Following the first Module that took place in February in Brussels,, the 18 Climate Action Officers attended the second Module of the ‘Climate Action in Sport’ Training Course of the OCEAN Project online, which focused on their role and empowerment within their respective organisations.

During the first session, the Climate Action Officers received feedback and advice from experienced sustainability officers in charge of the green transition of their sports organisations.

Among them:

🔹 Bianca Quardokus, Sport Facilities, Environment and Sustainability Officer at the German Olympic Sports Confederation (DOSB);

🔹 Trine Keinicke Sørensen and Lasse Lyck from the NOC and Sports Confederation of Denmark (DIF);

🔹 Marleen Wielemaker, Programme Manager Sustainability at the Dutch Olympic Committee*Dutch Sports Federation (NOC*NSF);

🔹 Warwick Waters, Head of Advocacy and Stakeholders Engagement at the Australian Olympic Committee (AOC);

🔹 Riikka Rakic, Head of Sustainability at the International Biathlon Union (IBU);

🔹 Jamie McKeown, Sustainability, Diversity & Inclusion Manager at World Rugby.

In a panel discussion, the speakers first presented their academic and professional backgrounds and then addressed various topics relevant to the successful completion of their missions as Climate Action Officers, such as: staff and board engagement, dedicated budget for sustainability/climate, internal and external communication, and tips for accurate carbon footprint measurement.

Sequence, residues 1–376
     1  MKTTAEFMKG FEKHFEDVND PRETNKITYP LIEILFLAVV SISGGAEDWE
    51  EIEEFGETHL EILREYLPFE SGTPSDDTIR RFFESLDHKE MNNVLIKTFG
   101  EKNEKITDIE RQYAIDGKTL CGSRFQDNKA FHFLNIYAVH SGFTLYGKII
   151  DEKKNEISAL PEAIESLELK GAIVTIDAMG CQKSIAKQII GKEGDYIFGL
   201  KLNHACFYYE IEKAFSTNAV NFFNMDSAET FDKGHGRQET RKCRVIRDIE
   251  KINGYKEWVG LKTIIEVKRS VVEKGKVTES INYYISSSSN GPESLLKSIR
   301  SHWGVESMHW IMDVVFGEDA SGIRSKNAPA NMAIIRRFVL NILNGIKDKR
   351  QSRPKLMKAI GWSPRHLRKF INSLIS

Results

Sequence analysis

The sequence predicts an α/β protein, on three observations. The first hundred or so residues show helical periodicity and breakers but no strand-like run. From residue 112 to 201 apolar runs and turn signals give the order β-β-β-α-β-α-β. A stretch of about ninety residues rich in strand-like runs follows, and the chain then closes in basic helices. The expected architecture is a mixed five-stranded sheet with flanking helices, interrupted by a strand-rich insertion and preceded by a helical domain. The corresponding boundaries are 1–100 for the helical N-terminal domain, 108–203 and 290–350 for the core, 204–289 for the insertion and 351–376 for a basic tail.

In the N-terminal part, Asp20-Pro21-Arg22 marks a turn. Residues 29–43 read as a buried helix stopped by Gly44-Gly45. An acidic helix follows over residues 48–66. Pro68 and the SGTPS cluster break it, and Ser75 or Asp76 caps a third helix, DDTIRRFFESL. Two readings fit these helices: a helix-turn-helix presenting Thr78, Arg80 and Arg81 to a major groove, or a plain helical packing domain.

Based on this feedback and their personal experience, the participants were able to draw up a detailed description of the role of the Climate Action Officers in working groups (see here). To conclude, participants had the opportunity to share the first actions they implemented within their NOCs since the end of Module 1 of the OCEAN project, based on the pledges made while in Brussels (see here).

The second session was led by Matthew Campelli, Sustainability Director of Touchline and seasoned consultant on sustainability for sport organisations. In a session on the do’s and don’ts of strategic communication on sustainability, Climate Actions Officers discussed in groups the right approach to internal and external stakeholders of the NOCs, whose engagement in climate action is necessary for a credible carbon footprint reduction strategy. Participants were also asked to draft a concrete communication plan for their NOC in the framework of the OCEAN project.

The third and last session was dedicated to staff engagement and empowerment activities, with general tips as to how to build and carry messages to convince internal stakeholders to engage in climate action. This was followed by an experience-sharing on concrete activities that can be implemented within the organisation.

🔹 Lise Van Long, Sustainability Manager at the International Olympic Committee (IOC) gave an overview of the IOC Sustainability Strategy implemented since 2017, and then presented some concrete activities put in place to engage IOC staff and board members (e.g. Green Week, carbon budget for travelling).

Partner NOCs (especially NOC Denmark, NOC Bosnia and Herzegovina, NOC Romania and NOC Slovakia) then presented the in-house trainings and presentations already done with their staff and directors since the beginning of the project.